The Conservative movement is working on policies, while the Orthodox movement has been recently rocked by a case involving Baruch Lanner, a nationally known youth official who was indicted last year in New Jersey on charges of sexually abusing teens. The case has forced the resignation of the Orthodox Union's top official and led to the development of new policies.

At least one Jewish researcher says that sexual misconduct is still routinely covered up by rabbis. Charlotte Rolnick Schwab, a New York psychotherapist and author of a forthcoming book on rabbis and sex abuse, said she has received hundreds of complaints from women across all movements and still sees rabbis denying them publicly.

Congregations themselves sometimes exacerbate the problems, she said. In one recent case involving a Florida rabbi convicted of using the Internet to find boys and sexually abuse them, congregant support prompted the judge to sentence him to six years in prison instead of the maximum 60 years, Schwab said. "It's outrageous."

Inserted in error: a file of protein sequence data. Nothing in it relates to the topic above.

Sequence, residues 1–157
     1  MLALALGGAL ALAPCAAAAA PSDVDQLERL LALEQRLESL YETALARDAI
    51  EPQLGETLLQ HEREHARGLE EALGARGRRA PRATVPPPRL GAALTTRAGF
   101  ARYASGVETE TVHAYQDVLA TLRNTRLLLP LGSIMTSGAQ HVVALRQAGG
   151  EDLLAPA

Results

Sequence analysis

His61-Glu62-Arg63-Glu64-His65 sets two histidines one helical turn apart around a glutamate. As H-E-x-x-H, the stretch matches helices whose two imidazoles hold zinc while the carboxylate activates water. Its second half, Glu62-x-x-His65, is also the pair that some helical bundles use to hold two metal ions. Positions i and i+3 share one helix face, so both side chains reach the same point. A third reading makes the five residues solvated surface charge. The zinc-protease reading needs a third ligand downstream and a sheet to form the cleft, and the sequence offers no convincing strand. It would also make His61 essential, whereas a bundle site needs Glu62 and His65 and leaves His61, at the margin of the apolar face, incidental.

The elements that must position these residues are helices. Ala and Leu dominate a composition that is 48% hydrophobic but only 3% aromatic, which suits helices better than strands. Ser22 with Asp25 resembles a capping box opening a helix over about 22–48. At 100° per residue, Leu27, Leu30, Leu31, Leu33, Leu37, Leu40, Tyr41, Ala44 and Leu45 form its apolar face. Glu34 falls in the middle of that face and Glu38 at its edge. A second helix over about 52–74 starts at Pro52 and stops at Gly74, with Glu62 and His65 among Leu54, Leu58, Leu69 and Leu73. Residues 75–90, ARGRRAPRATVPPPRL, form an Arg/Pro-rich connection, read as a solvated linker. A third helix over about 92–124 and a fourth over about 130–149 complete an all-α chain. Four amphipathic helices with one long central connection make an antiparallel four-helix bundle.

Similar charges have been leveled against the Southern Baptist Convention, the largest of the Baptist bodies in the United States. Dee Ann Miller, a victims' advocate and author on books about the topic, said she had received complaints from victims in 30 states, half of them involving minors. She said church officials have not been responsive. In a 1993 survey by the Journal of Pastoral Care, 14 percent of Southern Baptist ministers surveyed said they had engaged in inappropriate sexual behavior, 70 percent said they knew a minister who had and 80 percent said they lacked written guidelines.

Richard Land, president of the Southern Baptists' ethics committee, said the convention's churches are fully autonomous and probably did not adopt written policies because it was obvious that sexual misconduct was wrong. He said training about sexual misconduct is conducted at Southern Baptist seminaries, which produce about half of the convention's clergy. He said that the cases he knows about led to swift removal or resignation of the guilty party.